Matthew Barrett Dobbs, MD, and Christina Gurnett, MD, PhD, will receive the Kappa Delta Ann Doner Vaughn Award for their paper "Advancing Personalized Medicine for Clubfoot Through Translational Research." The award will be presented in San Diego during the 2017 AAOS Annual Meeting.
"Our work leverages scientific advances of the past decades, including human gene sequencing, molecular genetic engineering of mouse models, and magnetic resonance imaging, as well as new treatment technologies," write the authors. Their paper outlines their efforts to understand the genetic and morphologic abnormalities contributing to foot development and their use of this information to devise personalized treatment paradigms.
Clubfoot is one of the most common pediatric orthopaedic disorders, and may affect 1 of every 1,000 children. Clubfoot is recognizable at birth and is readily distinguishable from positional foot anomalies because it is rigid and not passively correctable. Historically, clubfoot treatment has been based on different methods of manipulating and immobilizing the foot; other treatments have focused on more invasive surgical options.
The Ponseti method of clubfoot treatment, developed by Ignacio Ponseti, MD, and first described in 1964, consists of weekly manipulation and serial casting. Ideally, treatment would start within the first month of life and culminate with a percutaneous Achilles tenotomy performed in the office, followed by a final cast and prolonged use of a foot abduction brace. Over the past 40 years, this method has gradually replaced extensive soft-tissue surgeries.
Although the Ponseti method revolutionized clubfoot treatment, it is not effective for all patients. If the Ponseti method fails, patients often require more extensive surgeries, exposing them to potential complications and life-long disabilities. This prompted Drs. Dobbs and Gurnett to pursue a basic science approach to understanding the pathogenesis of this heterogeneous disorder.
Noting that family history is positive for clubfoot in approximately 25 percent of all patients with idiopathic clubfoot, the two began genetic studies to see if they could identify the genes responsible for isolated clubfoot.
These genetic studies capitalized on the rapid advances in sequencing technology for the human genome. After identifying a large, five-generation family with cases of isolated clubfoot along with a spectrum of lower limb birth defects, they used positional cloning methods to discover that a single mutation in the gene PITX1 was associated with some cases of clubfoot.
"PITX1 is a transcription factor involved in early limb development," explained Dr. Dobbs in his paper, "and is one of a handful of genes expressed preferentially in the lower limb, making it critical to leg development." Later, they were able to identify a genomic deletion of PITX1 in a small family, which resulted in the occurrence of isolated clubfoot in three generations. Subsequent studies in mice enabled them to identify growth deficits (smaller fibula, peroneal artery, and peroneus muscles), which they were also able to correlate during ensuing human studies (Fig. 1).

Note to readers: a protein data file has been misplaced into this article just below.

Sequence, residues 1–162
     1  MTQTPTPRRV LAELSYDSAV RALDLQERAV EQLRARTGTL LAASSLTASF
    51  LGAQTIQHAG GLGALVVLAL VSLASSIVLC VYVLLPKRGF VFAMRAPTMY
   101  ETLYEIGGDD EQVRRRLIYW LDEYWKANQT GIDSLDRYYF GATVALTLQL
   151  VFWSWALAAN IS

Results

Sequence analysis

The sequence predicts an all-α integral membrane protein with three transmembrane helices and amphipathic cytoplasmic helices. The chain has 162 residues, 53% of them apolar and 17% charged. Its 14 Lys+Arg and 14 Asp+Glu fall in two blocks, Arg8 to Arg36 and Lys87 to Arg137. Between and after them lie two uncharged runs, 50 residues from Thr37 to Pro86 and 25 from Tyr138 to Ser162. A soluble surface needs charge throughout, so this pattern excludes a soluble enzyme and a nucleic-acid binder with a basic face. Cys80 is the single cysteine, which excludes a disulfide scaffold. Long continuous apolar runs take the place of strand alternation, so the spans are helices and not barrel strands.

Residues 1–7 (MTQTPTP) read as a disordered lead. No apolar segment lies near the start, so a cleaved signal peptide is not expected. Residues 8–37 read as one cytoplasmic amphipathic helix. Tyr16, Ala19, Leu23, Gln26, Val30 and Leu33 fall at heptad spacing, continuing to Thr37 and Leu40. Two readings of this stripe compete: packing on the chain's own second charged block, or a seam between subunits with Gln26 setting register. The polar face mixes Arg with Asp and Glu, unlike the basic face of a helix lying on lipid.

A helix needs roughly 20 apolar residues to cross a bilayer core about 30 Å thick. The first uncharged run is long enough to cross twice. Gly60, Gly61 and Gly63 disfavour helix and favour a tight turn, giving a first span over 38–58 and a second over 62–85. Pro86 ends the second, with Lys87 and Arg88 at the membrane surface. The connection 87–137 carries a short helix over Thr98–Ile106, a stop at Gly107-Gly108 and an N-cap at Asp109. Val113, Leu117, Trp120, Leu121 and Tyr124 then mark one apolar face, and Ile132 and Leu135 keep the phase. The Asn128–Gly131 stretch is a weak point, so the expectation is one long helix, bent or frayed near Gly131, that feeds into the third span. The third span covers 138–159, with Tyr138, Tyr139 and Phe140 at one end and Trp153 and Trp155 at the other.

"Because PITX1 mutations are associated with a high rate of additional comorbidities, including hip dysplasia and tibial hemimelia," write the authors, "they are of major significance. However, mutations in PITX1 have only been found in a handful of patients and are overall a relatively rare cause of clubfoot."
Genomic analysis also revealed recurrent copy number variations (CNVs) in chromosome 17q23, present in about 5 percent of all familial clubfoot patients. "Chromosome 17q23 CNVs, which can be identified clinically with chromosomal microarray studies, are important to identify because of their association with treatment-resistant clubfoot and hip dysplasia," they wrote.
In addition, they identified a genetic deletion of homeobox transcription factor HOXC genes that segregated with clubfoot in a three-generation family, as well as in two other families with autosomal dominant isolated congenital vertical talus, suggesting that this may be a common cause of familial vertical talus. Further genetic studies suggested a role for common genetic variation near several transcriptional regulators that previously had not been implicated in clubfoot pathogenesis.
Drs. Dobbs and Gurnett note that these genetic abnormalities account for only a small amount of the heritability of clubfoot, and suggest a more important role for rare variants. "Vast new gene discovery awaits," they wrote.
"Surprisingly, few magnetic resonance imaging (MRI) studies of clubfoot limbs had been published before we began to analyze the clubfoot-like feet of our PITX1 haploinsufficient mice," noted the authors. Their high-tech imaging studies in mice provided evidence that mutations in the PITX1-TBX4-HOXC pathway are associated with specific muscle hypoplasia.